Sometimes you travel halfway around the world only to find yourself right in your own back yard. So it was that, after the better part of a day spent flying to Argentina, where I had been invited to join a jury at the Sixth Buenos Aires International Festival of Independent Cinema (April 14–25), I settled into a theater to watch Heinz Emigholz’s superb documentary Goff in the Desert, which showcases 62 of the 80 works created by architect Bruce Goff. Emigholz is German, but Goff is American, and while the film focuses on Goff’s extraordinary residential spaces — rustic, sylvan dwellings that look like houses trees might build for themselves to live in — it also pays a visit to the Japanese Pavilion he designed for LACMA, located a stone’s throw from my own Los Angeles apartment.
Great film festivals are about great film discoveries, and Goff in the Desert is one such find. It also seems strangely at home in Argentina’s capital, where the sweaty cobblestone streets snake through an architecture that runs the gamut from German neogothic to French neoclassical — largely untouched by time, save for the odd Burger King and kosher McDonald’s squished in between. Spending a few days here, a colleague notes, is akin to time-traveling from the present to the early part of the 20th century and back again — not a bad premise for a Borges story. But the same can be said of the festival itself, and not just because its headquarters are located in an enormous modern shopping mall that retains the façade of the produce market it was once upon a time. Here, in the course of a single day’s viewing, one could journey from John Ford’s Monument Valley to James Benning’s California, with a pit stop to soak up the New York of film diarist–in–exile Jonas Mekas. And in doing so, one would have but scratched the surface of a program that featured miniretrospectives of 10 other filmmakers (including late U.S. documentarian Emile De Antonio, the only filmmaker to have once occupied a spot on Nixon’s enemies list), a treasure-trove of rarities from the Cinémathèque Française and a strong selection of recent world cinema. From Argentina itself came one genuine revelation: La Libertad director Lisandro Alonso’s Los Muertos, a Bressonian study of a paroled convict’s journey back to his adult daughter that will receive its international premiere later this month in the Directors’ Fortnight at Cannes.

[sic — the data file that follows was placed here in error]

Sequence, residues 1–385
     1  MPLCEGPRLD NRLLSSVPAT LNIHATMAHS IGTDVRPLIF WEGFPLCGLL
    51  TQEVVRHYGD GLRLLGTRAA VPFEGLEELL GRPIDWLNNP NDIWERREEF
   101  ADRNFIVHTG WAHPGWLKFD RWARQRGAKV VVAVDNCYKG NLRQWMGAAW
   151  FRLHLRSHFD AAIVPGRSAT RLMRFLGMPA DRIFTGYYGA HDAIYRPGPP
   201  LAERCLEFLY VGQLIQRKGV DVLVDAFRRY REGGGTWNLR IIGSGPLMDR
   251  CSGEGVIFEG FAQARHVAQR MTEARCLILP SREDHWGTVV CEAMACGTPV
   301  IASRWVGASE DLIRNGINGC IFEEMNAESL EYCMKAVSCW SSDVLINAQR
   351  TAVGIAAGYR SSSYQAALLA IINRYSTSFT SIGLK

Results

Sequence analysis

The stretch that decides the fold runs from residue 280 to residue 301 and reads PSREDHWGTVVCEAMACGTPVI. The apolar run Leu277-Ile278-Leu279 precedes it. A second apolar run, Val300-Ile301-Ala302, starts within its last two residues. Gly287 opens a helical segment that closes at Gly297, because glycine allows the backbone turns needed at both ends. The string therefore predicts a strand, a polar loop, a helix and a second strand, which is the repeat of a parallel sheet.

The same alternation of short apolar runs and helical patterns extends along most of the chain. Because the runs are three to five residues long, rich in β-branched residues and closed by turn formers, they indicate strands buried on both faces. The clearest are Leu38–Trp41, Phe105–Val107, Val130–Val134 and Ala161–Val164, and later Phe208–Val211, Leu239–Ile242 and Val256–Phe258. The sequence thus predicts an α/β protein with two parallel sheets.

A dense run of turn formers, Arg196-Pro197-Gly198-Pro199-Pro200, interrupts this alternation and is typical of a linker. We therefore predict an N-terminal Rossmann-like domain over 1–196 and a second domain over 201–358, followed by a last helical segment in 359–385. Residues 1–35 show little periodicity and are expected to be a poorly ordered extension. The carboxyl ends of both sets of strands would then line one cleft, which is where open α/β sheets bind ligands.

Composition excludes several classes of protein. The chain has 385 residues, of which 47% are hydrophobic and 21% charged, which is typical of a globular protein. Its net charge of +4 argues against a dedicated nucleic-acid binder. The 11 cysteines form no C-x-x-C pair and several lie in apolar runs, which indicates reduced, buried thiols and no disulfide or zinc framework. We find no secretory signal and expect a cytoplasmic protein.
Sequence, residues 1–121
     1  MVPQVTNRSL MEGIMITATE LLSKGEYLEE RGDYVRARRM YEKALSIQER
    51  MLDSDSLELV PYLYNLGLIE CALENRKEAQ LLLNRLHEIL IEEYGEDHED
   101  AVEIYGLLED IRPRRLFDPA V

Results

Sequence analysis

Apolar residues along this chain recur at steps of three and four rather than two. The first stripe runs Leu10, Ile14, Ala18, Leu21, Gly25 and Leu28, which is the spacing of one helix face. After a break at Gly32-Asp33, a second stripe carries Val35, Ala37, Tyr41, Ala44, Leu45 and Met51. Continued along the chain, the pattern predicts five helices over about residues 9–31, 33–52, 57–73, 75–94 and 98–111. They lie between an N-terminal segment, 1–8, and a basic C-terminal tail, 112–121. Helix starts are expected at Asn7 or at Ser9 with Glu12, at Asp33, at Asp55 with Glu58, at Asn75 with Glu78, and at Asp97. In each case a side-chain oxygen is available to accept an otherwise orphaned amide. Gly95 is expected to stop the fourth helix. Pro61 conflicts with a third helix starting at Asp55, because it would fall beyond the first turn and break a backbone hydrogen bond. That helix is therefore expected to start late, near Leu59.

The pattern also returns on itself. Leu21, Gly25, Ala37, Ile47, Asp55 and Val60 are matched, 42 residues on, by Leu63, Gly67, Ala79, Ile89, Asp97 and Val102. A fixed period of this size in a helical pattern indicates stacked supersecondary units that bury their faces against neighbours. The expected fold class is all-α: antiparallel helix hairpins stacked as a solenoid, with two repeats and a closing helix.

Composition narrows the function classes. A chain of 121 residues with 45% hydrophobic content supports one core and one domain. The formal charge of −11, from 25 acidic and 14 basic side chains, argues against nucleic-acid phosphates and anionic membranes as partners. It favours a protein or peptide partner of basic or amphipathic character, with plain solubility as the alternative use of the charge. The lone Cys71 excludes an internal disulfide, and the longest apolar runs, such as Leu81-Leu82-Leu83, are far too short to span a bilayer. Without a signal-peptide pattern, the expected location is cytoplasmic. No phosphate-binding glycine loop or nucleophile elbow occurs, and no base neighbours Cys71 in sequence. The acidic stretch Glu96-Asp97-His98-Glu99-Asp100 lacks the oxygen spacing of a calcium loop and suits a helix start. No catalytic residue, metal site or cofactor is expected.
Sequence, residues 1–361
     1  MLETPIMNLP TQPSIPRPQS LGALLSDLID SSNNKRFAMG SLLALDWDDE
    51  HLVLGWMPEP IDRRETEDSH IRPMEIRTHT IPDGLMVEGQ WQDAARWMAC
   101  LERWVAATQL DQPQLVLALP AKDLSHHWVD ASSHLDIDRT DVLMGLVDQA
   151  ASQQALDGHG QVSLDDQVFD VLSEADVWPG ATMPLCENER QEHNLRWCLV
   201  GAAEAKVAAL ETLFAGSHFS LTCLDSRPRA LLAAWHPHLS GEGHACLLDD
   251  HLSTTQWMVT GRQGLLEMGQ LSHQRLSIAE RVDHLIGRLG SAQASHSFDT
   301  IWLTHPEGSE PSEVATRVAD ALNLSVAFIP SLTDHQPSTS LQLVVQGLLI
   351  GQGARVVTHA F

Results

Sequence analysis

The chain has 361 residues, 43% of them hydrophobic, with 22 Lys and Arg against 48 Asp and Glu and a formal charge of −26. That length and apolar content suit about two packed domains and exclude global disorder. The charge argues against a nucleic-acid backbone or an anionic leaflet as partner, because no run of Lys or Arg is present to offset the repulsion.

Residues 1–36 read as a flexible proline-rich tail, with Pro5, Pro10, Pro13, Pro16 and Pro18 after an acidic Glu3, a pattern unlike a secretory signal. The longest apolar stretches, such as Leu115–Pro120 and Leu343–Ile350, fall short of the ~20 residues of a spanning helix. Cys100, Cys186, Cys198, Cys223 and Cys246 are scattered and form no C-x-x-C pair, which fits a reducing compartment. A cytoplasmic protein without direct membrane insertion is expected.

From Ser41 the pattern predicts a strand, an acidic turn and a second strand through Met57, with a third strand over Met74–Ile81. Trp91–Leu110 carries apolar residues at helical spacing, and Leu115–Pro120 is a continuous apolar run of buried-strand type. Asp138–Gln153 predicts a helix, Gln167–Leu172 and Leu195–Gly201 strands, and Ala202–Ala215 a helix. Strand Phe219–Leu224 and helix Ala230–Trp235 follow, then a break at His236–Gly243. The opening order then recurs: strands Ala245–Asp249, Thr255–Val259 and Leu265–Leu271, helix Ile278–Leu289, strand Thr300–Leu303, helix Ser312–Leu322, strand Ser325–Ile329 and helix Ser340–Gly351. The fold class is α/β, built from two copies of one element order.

Like most festivals, Buenos Aires is the product of a group of programmers and other staffers whose work for the following year’s gathering begins as soon as the present year’s closes. But it is also the particular vision of its director, Eduardo Antin (affectionately known by his pen name, Quintìn), and his wife, Flavia de la Fuente, who in their spare time publish and write criticism for the Argentinean film magazine El Amante. Of course, the title says it all: Quintìn and Flavia are among the grandest lovers of cinema I have had the pleasure of meeting, deeply committed to a tradition of cinephile society that seems endangered in so many parts of the world. Put simply, they’re not merely giving audiences a chance to view the works of Ford and Benning, but encouraging them to ponder the ways in which the two are interrelated. And their efforts are largely in sync with a city that teems as much with culture as it does with people. (There are roughly as many bookstores in Buenos Aires as there are Starbucks in a comparably sized American metropolis.) No wonder, despite its close timing to Cannes, dozens of the world’s leading critics and festival programmers make the journey to the Buenos Aires festival and wouldn’t dream of missing it. No wonder, this year, a few of them were even doing a little apartment hunting while in town.